Consider this: You type $sudo apt-get upgrade and get a list of things that need upgrading with a "Y\n" confirmation. before you can read the list, and type "Y" or "n", the phone rings, or your boss comes in, or you do some thing else. You come back an hour later, and hit Y to install updates.

you are not prompted again for a password. presumably, any more sudo commands in the shell will execute, because the timer has been on hold waiting for the user input. Or a user can kill the update process and do something like sudo -i and simply stay in root indefinitely.

I am using ubuntu mate 14.04

is this a noteworthy security exception? Should I try to report it some place? If so, where?

  • 5
    What do you mean by "presumably"? Have you tried it or not?
    – luckyrumo
    Jun 24 '15 at 15:57
  • 3
    I did try this just now, even with Defaults passwd_timeout=3 in my sudoers file, upon running sudo apt-get upgrade password isn't asked. That's no good Jun 24 '15 at 16:01
  • I don't have the issue, with standard settings on Ubuntu 15.04
    – luckyrumo
    Jun 24 '15 at 19:34
  • 1
    @TobiasKienzler nope. I haven't altered my sudoers file in any way except for adding that passwd_timeout part. Chech my answer. The issue was with timestamp timeout. These are different options Jun 25 '15 at 9:05
  • 1
    @Serg I see, there are two timeouts. How conveniently confusing :/ Thanks :) Jun 25 '15 at 9:35

You aren't prompted for a password because sudo has done it's job and started apt-get as root. While it's in the prompt, the apt-get process is still running, and so since it's still running as root, there's no need to enter your password again.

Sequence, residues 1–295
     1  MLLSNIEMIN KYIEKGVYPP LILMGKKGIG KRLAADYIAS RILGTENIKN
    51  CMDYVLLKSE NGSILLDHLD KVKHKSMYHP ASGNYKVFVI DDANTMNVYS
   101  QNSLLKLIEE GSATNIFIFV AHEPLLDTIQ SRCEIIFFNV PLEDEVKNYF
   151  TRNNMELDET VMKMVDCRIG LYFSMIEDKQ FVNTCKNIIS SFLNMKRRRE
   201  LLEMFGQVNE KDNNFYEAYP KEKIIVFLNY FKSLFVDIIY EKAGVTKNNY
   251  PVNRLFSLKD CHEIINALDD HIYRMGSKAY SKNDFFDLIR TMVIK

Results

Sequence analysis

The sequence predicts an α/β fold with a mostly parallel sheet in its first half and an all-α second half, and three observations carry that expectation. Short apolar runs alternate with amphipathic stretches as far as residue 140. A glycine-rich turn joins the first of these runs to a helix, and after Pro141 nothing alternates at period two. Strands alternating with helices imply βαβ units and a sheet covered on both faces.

In other words, as long as a sudo'ed process is running, you won't be asked to enter your password again for that process; sudo doesn't interrupt the process every 15 minutes (the default timeout) and ask for your password.

Now, if you were to open another terminal and try to run another process under sudo, then you will be prompted for your password.

  • 5
    ... or indeed in the same terminal, after the paused sudo command has completed Jun 24 '15 at 16:27

sudo's default timestamp_timeout variable is 15 minutes. This means that if you click n on sudo apt-get upgrade within 15 minutes, you can anticipate entering root shell with sudo -i. That's exactly what happened. However, if you set that in /etc/sudoers as Default timestamp_timeout 0 , you will be prompted for it every time. Personally, I've set it to 3. If your sudo doesn't time out even after 15 minutes, then there's something seriously wrong with your sudo binary.

This behavior isn't a security hole, but rather a "convenience feature" for the sudo users. However, I can agree that for tighter security the timestamp_timeout has to be set to much shorter time than 15 minutes.

Note: passwd_timeout option that I've mentioned in my comment actually times out the password prompt when you don't type in password for x minutes. That's one of the nice moments where you realize that you should read man sudoers much more carefully.

  • 2
    note you shouldn't ever edit /etc/sudoers directly, use visudo instead which checks for syntax errors before replacing sudoers with a faulty file that might otherwise entirely lock you out from root access Jun 25 '15 at 8:36

I would suggest you to type sudo apt-get upgrade && exit this will exit the terminal after finishing upgrading. When the upgrading is cancelled the terminal won't close but I think that won't be the case.

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